Born: 1929 (Chicago)

Noted For: Wilhelmina Ruth Delco is a politician and educator noted as the first African-American elected official in Travis County and a 20-year member of the Texas State Legislature.

Image from Wikimedia Commons

From an early age, Wilhelmina Delco understood that knowledge equals opportunity, a concept impressed upon her by her mother, who was her role model. Later in life, Wilhelmina told the Austin American-Statesman: “My mother felt that education was the only thing nobody could take away from you.”

Her academic career was marked by success in the classroom and in extra-curricular activities, such as student government and dramatics. After graduating with a degree in sociology from Fisk University, she married and moved to Texas, where she became active in PTA affairs at both her children’s schools and at the state level. She was also a member of the Austin League of Women Voters.

In 1968, three days after the assassination of Dr. Martin Luther King, Jr. Wilhelmina was elected to the Austin ISD Board of Trustees, making her the first African American elected to public office in Travis County. In 1974, she was elected to the Texas House of Representatives as the first African-American legislator to represent District 50 in Travis County. During her 20-year legislative career, she continued to focus heavily on education, serving multiple sessions as chairman of the House Higher Education Committee. The Texas Observer cited her as one of the “brightest spots in the House” and  “a dedicated and forthright leader.” In 1991, she was appointed Speaker Pro Tempore as the first woman and the second African American to hold the second highest position in the House.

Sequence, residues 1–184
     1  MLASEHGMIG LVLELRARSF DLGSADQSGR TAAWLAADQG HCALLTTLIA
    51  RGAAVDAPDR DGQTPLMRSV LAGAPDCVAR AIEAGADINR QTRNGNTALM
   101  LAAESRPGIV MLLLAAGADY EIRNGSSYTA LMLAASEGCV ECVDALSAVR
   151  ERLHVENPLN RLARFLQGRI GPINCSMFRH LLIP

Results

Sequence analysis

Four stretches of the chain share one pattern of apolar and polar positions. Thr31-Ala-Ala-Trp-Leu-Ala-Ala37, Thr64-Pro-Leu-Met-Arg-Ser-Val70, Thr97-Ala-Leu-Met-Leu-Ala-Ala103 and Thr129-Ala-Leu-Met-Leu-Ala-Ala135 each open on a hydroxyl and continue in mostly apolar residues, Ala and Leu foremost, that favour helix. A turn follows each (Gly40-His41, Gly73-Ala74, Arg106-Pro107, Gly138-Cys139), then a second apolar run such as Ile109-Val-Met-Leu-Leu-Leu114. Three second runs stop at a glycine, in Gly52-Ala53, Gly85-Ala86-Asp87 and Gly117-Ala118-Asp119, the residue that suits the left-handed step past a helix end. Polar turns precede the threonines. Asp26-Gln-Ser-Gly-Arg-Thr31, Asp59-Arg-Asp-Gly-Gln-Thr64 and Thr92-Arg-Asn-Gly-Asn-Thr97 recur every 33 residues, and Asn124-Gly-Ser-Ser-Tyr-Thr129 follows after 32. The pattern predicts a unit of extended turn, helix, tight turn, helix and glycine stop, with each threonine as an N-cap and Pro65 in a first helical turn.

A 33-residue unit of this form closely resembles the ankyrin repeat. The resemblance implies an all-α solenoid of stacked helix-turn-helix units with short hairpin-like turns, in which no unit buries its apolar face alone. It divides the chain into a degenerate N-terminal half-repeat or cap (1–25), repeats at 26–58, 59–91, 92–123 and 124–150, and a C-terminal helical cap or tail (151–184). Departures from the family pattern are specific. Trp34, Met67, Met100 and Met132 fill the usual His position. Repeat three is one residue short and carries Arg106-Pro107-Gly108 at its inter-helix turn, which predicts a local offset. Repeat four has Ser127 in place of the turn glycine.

After retiring, the veteran legislator continued her focus on education, serving as the board chair at Huston-Tillotson College and as an adjunct professor at the University of Texas at Austin. She also served as chair of the National Advisory Committee on Institutional Quality and Integrity of the United States Department of Education. In 1986, Wilhelmina was inducted into the Texas Women’s Hall of Fame.

Additional Learning:

“Interview with Wilhelmina Delco”: Video interview archive at The Portal to Texas History